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Crude oil prices top $115/barrel after OPEC+ pledges to boost output

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Yahoo Finance Live anchors discuss the rise in crude oil.

Video Transcript

AKIKO FUJITA: Let's turn our attention to oil. Some big moves there on that front today, Brian, because we saw OPEC+ agreeing to increase output faster than expected by roughly 650,000 barrels a day. Now, it's important to note, 650,000, it's not a lot when you consider that more than, roughly, a million barrels a day have been taken offline because of Russia, the conflict with Ukraine. But this is a big reversal for Saudi Arabia.

BRIAN CHEUNG: Well, it's a big reversal. And we have to keep in mind that 648,000 barrel a day announcement from OPEC+, one of the more boring streaming services, in my opinion, is actually more than expected. Do you get it, Plus?

AKIKO FUJITA: Oh, we got the joke, yes.

BRIAN CHEUNG: OK, we got the joke, yeah, but it was more than expected. So regardless of how you kind of cut it or slice it, that increase in supply, you would hope, would be better for oil prices, which have remained extremely elevated. However, we did see crude oil in both Brent and regular measures go up in the wake of that announcement, crude oil now at about $115 a barrel. Keep in mind, very elevated and basically back up to those highs that we had seen earlier in March.

AKIKO FUJITA: Well, and we're seeing that move because I think the market understands that this is not going to make a huge dent when you think about the shortage that's now been created as a result of a lot of Russian oil coming offline, the Western sanctions, which could increase or decrease output by as much as two to three million barrels a day. Now, important to note this point on Saudi Arabia, though, because there is a bit of a thawing that's happening.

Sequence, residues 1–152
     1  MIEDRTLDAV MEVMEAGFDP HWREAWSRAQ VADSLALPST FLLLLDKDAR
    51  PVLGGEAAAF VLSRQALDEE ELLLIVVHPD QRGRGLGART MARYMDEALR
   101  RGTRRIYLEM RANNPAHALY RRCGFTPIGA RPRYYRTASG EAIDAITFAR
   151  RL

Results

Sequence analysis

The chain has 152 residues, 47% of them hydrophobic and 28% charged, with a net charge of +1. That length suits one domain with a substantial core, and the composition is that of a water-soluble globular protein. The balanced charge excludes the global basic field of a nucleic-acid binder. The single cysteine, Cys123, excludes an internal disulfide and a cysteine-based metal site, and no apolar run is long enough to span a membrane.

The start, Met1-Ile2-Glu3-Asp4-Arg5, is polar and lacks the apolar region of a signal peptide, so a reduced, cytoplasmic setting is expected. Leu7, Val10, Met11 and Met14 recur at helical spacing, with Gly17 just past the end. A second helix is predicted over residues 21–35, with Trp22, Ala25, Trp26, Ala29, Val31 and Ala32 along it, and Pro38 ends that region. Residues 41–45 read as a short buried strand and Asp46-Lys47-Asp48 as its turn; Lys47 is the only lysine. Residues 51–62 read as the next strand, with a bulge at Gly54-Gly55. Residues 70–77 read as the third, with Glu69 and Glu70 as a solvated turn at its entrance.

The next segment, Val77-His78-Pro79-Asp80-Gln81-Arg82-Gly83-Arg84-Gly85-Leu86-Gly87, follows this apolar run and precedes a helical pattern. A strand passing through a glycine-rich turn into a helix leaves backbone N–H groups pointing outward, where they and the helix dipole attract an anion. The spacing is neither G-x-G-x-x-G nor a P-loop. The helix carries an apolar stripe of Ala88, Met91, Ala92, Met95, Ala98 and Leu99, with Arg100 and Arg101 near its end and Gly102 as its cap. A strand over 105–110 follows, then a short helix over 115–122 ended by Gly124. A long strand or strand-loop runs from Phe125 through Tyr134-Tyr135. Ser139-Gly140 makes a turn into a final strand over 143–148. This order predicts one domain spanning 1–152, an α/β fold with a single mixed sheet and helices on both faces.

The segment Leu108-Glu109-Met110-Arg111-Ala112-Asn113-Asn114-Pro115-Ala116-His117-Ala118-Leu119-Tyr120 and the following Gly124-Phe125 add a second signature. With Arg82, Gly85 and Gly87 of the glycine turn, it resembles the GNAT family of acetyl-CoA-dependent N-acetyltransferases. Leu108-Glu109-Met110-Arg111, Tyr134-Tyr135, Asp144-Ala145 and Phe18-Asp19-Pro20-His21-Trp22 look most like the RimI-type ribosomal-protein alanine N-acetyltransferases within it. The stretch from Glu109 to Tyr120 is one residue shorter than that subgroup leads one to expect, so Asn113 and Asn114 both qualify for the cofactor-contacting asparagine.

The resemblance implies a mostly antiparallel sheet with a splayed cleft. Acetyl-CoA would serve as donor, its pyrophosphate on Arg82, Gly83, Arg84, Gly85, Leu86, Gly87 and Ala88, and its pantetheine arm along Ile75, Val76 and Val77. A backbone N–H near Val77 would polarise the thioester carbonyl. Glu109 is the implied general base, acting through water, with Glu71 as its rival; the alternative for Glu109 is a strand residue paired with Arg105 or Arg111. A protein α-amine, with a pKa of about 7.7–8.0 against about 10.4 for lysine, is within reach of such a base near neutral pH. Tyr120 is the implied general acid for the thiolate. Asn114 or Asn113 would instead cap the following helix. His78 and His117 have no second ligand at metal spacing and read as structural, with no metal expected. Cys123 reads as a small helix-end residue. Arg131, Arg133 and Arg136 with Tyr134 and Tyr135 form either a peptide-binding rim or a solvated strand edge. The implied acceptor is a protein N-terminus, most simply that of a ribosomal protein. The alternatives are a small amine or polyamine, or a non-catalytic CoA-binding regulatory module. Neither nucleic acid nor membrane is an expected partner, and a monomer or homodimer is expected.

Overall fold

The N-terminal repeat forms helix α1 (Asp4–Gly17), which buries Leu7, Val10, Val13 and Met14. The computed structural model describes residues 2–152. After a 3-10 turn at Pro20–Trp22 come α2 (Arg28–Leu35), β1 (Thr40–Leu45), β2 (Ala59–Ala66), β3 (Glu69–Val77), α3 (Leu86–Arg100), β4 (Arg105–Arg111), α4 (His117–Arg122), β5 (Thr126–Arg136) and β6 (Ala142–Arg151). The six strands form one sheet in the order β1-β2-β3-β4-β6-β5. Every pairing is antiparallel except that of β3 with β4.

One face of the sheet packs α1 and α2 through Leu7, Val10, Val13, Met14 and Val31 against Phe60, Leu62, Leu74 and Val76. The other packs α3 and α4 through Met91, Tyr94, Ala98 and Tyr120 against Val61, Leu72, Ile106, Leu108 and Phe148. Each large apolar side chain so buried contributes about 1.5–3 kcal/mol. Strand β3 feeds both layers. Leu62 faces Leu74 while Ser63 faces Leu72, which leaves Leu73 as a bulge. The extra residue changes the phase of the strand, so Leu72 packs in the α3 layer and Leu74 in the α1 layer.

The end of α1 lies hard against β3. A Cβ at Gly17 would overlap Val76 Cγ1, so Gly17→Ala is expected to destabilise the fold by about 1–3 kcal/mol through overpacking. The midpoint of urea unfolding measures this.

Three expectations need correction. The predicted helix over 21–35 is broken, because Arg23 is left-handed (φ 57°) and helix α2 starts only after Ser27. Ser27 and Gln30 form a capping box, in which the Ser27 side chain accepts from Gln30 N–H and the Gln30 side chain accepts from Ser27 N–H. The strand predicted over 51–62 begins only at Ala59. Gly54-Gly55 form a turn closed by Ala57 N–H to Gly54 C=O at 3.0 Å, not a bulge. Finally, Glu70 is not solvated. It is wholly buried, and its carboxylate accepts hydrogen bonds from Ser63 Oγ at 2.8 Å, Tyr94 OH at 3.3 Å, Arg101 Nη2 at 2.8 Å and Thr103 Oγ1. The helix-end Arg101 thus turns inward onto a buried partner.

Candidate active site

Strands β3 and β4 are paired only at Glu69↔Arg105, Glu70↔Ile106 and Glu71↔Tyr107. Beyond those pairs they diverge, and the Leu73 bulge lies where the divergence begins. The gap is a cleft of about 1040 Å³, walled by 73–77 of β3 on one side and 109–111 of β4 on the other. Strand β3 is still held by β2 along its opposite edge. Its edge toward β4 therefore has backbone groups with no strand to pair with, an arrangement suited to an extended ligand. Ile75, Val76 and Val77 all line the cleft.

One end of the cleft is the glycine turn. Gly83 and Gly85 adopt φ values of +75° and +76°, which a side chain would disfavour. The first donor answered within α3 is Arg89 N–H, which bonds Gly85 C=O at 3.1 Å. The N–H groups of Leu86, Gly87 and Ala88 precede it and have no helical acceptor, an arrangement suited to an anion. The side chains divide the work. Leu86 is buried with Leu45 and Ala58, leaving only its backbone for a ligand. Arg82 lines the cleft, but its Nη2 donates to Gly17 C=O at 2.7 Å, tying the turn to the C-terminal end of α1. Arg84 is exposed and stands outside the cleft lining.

The fact that Saudi Arabia moved-- obviously, they're de facto leader of OPEC. The fact that they moved points to the fact that they are hearing the US demands. Of course, there's been a lot of conversations behind the scenes. There's reports today from Bloomberg that President Biden is now--

BRIAN CHEUNG: A meeting, perhaps.

AKIKO FUJITA: --considering a visit to Saudi Arabia next month. And just keep in mind, like, we've been talking about the supply-demand issue. And yet Saudi Arabia, at least publicly, has maintained that there's no real genuine shortage. And we've seen the shift today. So, not significant when you consider--

BRIAN CHEUNG: But you do wonder if that tone might be starting to change. And again, it is very obvious, if that meeting does happen between Biden and Saudi Arabia, what the goal of that meeting is going to be.